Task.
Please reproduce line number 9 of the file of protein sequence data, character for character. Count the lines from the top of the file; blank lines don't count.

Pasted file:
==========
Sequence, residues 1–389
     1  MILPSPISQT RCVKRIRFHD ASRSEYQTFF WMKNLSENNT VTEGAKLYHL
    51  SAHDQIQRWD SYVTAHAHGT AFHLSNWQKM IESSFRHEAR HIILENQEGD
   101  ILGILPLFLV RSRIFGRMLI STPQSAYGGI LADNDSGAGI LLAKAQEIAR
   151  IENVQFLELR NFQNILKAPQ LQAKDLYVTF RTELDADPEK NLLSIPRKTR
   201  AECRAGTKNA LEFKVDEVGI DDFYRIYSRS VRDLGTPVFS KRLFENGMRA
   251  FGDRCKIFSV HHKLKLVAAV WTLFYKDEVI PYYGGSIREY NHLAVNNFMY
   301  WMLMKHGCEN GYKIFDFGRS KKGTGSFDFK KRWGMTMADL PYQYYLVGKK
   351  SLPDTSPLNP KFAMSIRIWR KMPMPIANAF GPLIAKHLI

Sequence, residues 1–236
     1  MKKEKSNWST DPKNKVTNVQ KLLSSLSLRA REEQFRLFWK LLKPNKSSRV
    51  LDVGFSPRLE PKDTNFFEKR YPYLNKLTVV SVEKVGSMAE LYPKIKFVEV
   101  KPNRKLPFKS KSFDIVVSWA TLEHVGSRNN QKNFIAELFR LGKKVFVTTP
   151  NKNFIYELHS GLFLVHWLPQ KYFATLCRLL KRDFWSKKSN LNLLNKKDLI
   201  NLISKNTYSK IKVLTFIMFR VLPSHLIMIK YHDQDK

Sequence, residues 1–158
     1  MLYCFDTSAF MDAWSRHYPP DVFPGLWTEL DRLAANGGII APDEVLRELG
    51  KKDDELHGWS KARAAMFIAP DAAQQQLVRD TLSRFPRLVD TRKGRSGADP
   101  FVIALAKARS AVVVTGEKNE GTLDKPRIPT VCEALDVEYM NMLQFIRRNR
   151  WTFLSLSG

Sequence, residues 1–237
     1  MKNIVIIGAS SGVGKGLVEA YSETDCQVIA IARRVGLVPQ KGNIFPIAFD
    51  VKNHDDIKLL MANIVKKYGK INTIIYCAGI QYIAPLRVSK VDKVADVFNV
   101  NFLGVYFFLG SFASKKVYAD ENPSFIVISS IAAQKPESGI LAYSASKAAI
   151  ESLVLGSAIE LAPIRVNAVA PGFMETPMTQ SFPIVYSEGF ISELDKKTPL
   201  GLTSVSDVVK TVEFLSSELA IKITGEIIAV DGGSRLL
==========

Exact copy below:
   351  SLPDTSPLNP KFAMSIRIWR KMPMPIANAF GPLIAKHLI